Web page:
After a few shifts of multibeam, the weather has calmed and the beautifully flat sea means that we can continue with ground truthing using the Hamon grab and Camera tow. Whilst unfortunatly we have not had any clear sightings of whales or dolphins, we have had a few avian sightings including a Pomarine Skua. The Skua is a migrant to the UK in both spring and autumn which winters off the coast of West Africa.
Yesterday afternoon the day shift was even lucky enough to see a sun fish! The sunfish is the heaviest known bony fish in the world and produces more eggs that any other vertebrate! Their diet consists of jellyfish- yum yum!
Some interesting species have also been caught on film in the camera tows.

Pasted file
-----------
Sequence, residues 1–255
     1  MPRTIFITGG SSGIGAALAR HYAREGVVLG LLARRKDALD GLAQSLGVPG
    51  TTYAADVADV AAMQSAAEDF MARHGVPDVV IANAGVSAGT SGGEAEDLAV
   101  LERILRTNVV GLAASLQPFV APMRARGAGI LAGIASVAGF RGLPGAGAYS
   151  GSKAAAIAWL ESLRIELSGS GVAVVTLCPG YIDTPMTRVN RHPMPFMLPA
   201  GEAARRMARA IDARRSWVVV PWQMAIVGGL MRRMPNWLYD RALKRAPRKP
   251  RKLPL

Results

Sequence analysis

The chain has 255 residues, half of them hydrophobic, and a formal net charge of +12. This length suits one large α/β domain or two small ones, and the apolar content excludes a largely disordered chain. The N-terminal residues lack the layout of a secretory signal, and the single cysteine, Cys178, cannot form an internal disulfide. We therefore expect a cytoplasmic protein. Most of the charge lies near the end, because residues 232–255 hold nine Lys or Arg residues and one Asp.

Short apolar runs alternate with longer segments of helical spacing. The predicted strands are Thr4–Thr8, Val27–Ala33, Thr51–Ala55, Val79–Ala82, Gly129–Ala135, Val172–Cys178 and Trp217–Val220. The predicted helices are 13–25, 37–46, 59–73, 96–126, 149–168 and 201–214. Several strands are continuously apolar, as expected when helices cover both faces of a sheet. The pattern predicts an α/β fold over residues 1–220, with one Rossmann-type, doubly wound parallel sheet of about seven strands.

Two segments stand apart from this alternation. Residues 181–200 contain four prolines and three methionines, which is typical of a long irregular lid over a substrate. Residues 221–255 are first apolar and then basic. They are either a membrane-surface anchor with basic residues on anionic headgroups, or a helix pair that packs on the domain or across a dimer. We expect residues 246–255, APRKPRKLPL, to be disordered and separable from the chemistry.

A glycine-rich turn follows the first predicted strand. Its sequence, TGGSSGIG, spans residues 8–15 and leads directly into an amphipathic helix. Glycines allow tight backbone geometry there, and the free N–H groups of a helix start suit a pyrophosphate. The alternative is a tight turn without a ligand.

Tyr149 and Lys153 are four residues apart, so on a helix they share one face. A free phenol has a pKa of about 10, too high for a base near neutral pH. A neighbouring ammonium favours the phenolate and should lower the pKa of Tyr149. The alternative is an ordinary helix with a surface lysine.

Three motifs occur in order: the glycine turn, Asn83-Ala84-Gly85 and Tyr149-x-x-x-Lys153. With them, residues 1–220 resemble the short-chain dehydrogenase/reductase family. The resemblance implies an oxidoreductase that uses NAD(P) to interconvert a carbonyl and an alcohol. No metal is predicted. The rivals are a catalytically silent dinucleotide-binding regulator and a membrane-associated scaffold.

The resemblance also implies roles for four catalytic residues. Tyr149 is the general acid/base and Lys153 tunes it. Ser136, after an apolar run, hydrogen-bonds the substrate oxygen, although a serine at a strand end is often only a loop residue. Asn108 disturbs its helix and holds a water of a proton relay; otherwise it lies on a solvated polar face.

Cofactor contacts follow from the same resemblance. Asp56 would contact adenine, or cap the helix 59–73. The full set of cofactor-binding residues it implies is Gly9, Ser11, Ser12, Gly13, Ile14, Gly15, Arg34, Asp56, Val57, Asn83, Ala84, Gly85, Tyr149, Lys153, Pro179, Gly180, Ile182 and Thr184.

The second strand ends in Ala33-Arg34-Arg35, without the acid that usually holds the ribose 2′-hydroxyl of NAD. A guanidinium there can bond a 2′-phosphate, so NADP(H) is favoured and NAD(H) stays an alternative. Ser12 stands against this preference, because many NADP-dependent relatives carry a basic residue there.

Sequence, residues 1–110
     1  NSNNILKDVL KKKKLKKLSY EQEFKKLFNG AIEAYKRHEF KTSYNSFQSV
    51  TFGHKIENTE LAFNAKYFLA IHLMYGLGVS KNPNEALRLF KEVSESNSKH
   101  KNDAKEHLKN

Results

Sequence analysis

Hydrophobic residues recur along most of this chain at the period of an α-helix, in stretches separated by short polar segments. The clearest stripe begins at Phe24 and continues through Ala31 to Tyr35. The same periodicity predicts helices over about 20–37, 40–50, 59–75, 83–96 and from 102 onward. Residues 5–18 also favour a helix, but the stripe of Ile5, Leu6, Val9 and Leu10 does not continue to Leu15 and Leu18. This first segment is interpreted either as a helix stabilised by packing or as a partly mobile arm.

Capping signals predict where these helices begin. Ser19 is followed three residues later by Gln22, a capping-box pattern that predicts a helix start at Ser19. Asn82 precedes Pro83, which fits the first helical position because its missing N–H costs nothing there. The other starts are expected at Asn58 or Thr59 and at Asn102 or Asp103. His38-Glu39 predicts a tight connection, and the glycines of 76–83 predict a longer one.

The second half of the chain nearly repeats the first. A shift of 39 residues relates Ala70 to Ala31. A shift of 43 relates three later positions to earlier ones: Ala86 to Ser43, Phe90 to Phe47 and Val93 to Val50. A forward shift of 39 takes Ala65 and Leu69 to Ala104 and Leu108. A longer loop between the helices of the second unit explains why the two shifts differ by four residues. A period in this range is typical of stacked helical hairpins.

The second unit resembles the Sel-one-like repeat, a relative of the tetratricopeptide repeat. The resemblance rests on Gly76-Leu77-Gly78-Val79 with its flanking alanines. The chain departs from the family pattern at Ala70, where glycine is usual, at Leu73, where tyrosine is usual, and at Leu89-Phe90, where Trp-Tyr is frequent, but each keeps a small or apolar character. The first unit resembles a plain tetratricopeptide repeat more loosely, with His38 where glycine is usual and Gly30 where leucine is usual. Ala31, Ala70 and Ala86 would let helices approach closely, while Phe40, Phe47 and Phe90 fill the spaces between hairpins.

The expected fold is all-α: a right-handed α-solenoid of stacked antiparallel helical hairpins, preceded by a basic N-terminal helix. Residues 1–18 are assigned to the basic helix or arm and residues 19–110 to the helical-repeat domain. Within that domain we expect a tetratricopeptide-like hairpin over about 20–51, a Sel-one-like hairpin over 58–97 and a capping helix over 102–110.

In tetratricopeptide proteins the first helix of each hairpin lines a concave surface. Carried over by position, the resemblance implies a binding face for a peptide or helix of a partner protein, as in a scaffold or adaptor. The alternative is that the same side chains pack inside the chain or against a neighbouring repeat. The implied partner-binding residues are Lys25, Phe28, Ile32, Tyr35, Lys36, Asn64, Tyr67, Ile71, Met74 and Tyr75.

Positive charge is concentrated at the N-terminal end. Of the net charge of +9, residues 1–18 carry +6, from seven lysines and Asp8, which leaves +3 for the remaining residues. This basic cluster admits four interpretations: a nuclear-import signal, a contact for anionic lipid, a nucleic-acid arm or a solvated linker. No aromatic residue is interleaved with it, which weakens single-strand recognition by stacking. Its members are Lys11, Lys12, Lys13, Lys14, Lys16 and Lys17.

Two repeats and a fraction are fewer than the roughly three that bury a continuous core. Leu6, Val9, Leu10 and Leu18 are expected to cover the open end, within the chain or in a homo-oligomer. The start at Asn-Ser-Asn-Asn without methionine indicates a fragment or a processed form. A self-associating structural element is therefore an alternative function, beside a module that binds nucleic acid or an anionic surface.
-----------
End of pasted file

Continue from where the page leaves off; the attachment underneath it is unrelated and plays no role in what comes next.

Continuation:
We have had a variety of starfish,
Some sea urchins and anemones,
A number of crabs,
And also even some fish!
Can you spot the Megrim?
Megrim is a species of left eye flat fish which prefer sandy seafloors of between 100m and 700m depth. They eat small fish, as well as squid and crustaceans and can grow up to 60cm. They are caught commercially in some countries.
We have also seen a Cuckoo ray!
Cuckoo rays are easily identified by the yellow and black eye spots on each pectoral fin and can reach up to 75cm in length.
On a few occasions we have also seen schools of Boarfish, a small orange pelagic fish whilst we are dropping the camera tow into position.
We still have at least a few more days of camera and grab work to do at the sites, so we are keeping our fingers crossed for more interesting things!